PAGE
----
The basic problem for such schemes is one of the scale and intractability of poverty and the unlikelihood that such interventions at individual household level can make a public health impact in African countries devastated by the AIDS epidemic. The recent UN Development Programme Report [25] and 2007 UNICEF Report on the State of the World's Children [26] indicated the massive social needs of the poor. There are more than 1.1 billion people and 2.6 billion globally without adequate access to clean water and sanitation, respectively. This leads to 1.8 million child deaths from diarrhoea and other diseases caused by unclean water and poor sanitation. In sub-Saharan Africa diarrhoea due to lack of water kills five times more children than HIV/AIDS. The world suffers from a ‘water crisis’ and this is not just due to absolute physical shortages of water supply, but is rooted in ‘poverty, inequality and unequal power relationships, as well as flawed water management policies’ [25]. Reversal of poverty will clearly take a long time – too long for HIV-infected mothers to wait. We need a strategy on safe infant feeding for infants of HIV-infected women now, while at the same time we work on medium and longer-term strategies to decrease poverty.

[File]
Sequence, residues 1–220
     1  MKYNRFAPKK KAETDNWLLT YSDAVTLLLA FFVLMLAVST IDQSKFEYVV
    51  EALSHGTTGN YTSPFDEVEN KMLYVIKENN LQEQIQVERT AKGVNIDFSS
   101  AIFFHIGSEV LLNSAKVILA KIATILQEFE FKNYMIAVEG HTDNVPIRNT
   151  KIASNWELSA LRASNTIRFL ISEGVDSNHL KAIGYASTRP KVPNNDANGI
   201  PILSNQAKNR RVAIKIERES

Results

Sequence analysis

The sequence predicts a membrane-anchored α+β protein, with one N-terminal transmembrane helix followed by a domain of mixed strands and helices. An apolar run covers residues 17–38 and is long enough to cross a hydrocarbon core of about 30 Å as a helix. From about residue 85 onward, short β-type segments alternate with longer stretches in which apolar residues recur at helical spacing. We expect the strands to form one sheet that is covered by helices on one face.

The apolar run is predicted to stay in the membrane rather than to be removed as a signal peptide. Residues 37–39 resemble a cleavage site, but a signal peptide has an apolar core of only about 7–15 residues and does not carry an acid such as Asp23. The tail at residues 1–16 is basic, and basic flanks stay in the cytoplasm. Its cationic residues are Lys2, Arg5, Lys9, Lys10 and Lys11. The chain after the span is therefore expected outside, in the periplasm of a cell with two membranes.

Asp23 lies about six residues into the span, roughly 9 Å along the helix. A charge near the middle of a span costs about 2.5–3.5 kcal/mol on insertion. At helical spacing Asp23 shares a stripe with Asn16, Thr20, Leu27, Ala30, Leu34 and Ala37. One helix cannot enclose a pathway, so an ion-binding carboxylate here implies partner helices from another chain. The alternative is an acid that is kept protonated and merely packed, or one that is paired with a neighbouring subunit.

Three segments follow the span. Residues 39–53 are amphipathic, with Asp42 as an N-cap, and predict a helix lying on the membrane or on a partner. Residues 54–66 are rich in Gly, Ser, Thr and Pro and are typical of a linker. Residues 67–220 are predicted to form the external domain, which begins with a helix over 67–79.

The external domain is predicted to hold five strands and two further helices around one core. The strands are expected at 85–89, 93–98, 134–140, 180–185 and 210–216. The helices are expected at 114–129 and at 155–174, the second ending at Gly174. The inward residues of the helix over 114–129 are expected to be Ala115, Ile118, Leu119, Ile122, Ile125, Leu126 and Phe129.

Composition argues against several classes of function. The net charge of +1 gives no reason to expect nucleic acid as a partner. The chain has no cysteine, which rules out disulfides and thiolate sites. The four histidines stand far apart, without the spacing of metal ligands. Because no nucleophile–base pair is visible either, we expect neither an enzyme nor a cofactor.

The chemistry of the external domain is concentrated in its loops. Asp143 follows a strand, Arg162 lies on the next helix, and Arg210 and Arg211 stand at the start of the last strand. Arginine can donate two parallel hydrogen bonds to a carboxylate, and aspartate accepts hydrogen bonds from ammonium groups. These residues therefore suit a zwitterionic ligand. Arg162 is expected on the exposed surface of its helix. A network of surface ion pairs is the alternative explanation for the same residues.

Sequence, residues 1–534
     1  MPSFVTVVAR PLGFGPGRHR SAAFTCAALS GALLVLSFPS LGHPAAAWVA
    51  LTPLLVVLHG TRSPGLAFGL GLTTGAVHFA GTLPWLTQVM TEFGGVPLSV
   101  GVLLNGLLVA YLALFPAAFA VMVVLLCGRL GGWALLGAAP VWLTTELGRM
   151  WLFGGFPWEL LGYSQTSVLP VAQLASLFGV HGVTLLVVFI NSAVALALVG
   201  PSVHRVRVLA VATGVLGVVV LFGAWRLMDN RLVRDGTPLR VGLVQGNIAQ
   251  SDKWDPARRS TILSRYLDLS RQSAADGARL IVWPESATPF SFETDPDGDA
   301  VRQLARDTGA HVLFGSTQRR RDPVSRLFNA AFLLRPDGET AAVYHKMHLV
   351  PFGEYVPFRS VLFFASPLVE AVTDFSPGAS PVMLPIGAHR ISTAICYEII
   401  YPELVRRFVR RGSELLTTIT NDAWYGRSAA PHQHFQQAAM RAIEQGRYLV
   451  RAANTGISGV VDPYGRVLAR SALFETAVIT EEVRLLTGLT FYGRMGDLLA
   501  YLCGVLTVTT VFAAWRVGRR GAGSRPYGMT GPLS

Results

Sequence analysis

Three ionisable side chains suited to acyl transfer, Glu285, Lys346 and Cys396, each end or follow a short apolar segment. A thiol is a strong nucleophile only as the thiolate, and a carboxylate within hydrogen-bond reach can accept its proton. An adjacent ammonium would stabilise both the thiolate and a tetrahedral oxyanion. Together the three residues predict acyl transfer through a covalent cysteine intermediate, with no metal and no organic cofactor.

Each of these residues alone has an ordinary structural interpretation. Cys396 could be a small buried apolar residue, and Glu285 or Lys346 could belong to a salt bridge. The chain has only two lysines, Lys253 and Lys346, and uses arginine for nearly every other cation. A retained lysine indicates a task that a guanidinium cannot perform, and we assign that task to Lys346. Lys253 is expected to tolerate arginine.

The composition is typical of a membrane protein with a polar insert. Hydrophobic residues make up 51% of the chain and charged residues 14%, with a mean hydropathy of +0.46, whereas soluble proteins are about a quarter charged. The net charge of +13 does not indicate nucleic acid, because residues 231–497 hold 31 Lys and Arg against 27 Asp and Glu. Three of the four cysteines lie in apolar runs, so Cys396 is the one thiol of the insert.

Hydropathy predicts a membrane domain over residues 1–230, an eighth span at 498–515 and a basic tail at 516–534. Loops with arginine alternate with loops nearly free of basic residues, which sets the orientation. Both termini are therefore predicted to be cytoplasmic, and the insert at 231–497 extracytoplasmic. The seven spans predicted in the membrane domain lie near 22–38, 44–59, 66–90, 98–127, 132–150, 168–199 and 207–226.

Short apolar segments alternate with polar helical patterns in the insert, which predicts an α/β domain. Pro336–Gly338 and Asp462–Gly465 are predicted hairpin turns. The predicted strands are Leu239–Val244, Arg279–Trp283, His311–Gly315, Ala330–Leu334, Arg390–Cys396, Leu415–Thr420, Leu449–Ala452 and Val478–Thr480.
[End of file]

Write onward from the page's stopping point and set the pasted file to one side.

This is not to say that the restrictions on use of formula for poor populations necessarily apply without qualification to all groups in all developing countries. It is necessary, in some resource-constrained settings and middle-income countries affected by HIV/AIDS, to test the hypotheses that measures to empower the poor (for example through microfinancing or a basic income grant), provision of basic hygiene and food packages, and prophylaxis with affordable antibiotics, may allow the safe use of formula.

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New studies among HIV-infected women in poor populations, have demonstrated the impact on child health when formula milks replace breastfeeding, either from birth or during infancy. Diarrhoeal diseases are frequent, hospitalizations become necessary, growth and development falter, overt malnutrition supervenes, and mortality rates increase; socio-economic costs may also be incurred. Measures to make breastfeeding by HIV-infected women safe are urgently required. These findings confirm the historical experience in the pre-HIV era and require a response similar to that period, when international mobilization led to codification of policies for the protection, promotion and support of breastfeeding.